Rocio Lopez
Jan 23, 2018 · 4 min read
Storyboard templates at Sumologic help designers communicate vision with Product Managers and Engineers and break apart complex requirements.

Every time I go to Airbnb, I marvel at the framed storyboards they created with Pixar back in 2012. Storyboards are the standard that have helped the behemoth create cohesive experiences. And for a while I thought, “well if you have storyboards then you can create a mind-blowing product…the end.”

However, I discovered that designing experiences requires more than just a storyboard. A storyboard needs supporting communication tools so you can communicate with different stakeholders your grand vision. In design, storyboards have cousins like the Customer Journey Map, Job Stories and Task Flows. Recently, our team came together to redefine the process from storyboarding to execution. These are some of the lessons I’ve learned to make storyboarding more concrete when developing concepts.

Imagine you are the director of a movie and you’re about to meet with different departments.

Storyboards: What’s the unique perspective?

Visual designers Rebecca Sorensen and Yuki Alzona created a story kit that all designers in our team use to quickly create a storyboard

You make a first stop with the storyboard department because you’re interested in understanding your customer as a character. A customer is a person, not a user, with emotions and experiences. As you start understanding his world, it is important to find the compelling emotions that are driving him. What does he want the most? What’s preventing him from getting what he wants? What might help him succeed? How might he change as a result of the obstacle? What are the stakes?

Once you complete a storyboard, you partner with research to test out the narrative in front of an audience (in design this means customers). There’s a misconception that research only does usability studies of features and products. The feedback can help you refine assumptions (Pixar’s Coco had a long list of cultural consultants!). If you don’t get feedback on your storyboards and iterate on them, then they become useless artifacts.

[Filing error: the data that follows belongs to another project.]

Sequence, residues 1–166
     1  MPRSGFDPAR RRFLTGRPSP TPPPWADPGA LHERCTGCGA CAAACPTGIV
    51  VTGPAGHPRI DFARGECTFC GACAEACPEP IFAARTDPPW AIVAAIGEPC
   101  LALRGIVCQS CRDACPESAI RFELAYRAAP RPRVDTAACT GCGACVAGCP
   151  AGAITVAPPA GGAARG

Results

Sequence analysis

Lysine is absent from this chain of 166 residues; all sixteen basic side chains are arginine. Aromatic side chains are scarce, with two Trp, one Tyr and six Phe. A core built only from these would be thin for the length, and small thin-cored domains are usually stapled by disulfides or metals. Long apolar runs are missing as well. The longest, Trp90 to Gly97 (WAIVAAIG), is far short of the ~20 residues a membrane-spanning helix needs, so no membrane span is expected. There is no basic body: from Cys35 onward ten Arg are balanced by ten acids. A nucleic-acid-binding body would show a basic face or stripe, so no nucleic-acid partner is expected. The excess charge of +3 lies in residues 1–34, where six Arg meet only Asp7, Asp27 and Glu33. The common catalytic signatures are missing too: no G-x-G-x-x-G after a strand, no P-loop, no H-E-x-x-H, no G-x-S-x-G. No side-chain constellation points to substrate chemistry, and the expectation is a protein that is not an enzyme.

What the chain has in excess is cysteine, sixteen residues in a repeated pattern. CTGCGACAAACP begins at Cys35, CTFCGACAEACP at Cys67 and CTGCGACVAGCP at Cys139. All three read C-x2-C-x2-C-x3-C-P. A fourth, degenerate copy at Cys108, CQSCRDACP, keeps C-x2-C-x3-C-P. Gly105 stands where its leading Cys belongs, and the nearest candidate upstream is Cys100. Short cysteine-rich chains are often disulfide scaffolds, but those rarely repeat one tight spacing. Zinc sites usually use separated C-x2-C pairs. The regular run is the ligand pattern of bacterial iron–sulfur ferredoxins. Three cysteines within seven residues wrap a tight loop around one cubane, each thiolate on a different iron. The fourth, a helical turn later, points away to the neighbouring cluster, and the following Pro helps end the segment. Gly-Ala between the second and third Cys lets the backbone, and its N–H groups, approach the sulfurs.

Journey Maps: What’s the structure?

In order to plan this great story with producers, you need to map the beats — what keeps the story moving. A Customer Journey helps this process via Moments of Truth and Engagement Levels. A Moment of Truth is a CRITICAL point where your character needs to make a decision (right or wrong) in order to move on to the next phase. We track Engagement Levels along these critical points to humanize the problem and to give guidance to the team on what parts need the most attention using the emoji set of our main characters (created by Yuki Alzona).

Mental Models: What’s happening in each scene?

After you have taken care of structure, it’s time to focus on the nitty gritty scenes. You can use Job Stories and Task Flows to understand how your character moves inside a scene. Unlike User Stories, Job Stories help clarify context through a situation, a motivation and an outcome (user stories are more ambiguous and lead to many assumptions). This level of granularity also narrow the focus on discussions with stakeholders.

Job Stories Framework by Alan Klement

Each Job Story can be expanded into a detailed sequence, the Task Flow.

The Task Flow keeps design at an abstract level so you can easily switch and move things around. You can see where in the sequence your character will face a dilemma (diamonds) and the different paths he can take to achieve his journey (not every journey is linear). Both Job Stories and Task Flows create a Mental Model of how your character thinks and reacts to situations. Mental Models allow you to find consensus on what experience you are creating, not how you are creating (production) before the rest of crew come in to polish the work.


You have walked in the shoes of a director to get a glimpse into how storyboards stand together with other communication tools to achieve successful execution. As product designers we are not always designing with La La Land scenarios. The challenges we face in design require us to bridge complex systems with people. Great products that create strong bonds between the two tell great stories. We don’t have to reinvent the wheel to decipher how to build great stories, let’s learn from industries that have been enchanting us with epic stories.



Thanks Rebecca & Daniel for lending a hand on editing :smile_cat:

Sumo Logic UX

Musings from the UX team at Sumo Logic.

Rocio Lopez

Written by

Designer | Marathoner | DREAMer 😹

Sumo Logic UX

Musings from the UX team at Sumo Logic.

Welcome to a place where words matter. On Medium, smart voices and original ideas take center stage - with no ads in sight. Watch
Follow all the topics you care about, and we’ll deliver the best stories for you to your homepage and inbox. Explore
Get unlimited access to the best stories on Medium — and support writers while you’re at it. Just $5/month. Upgrade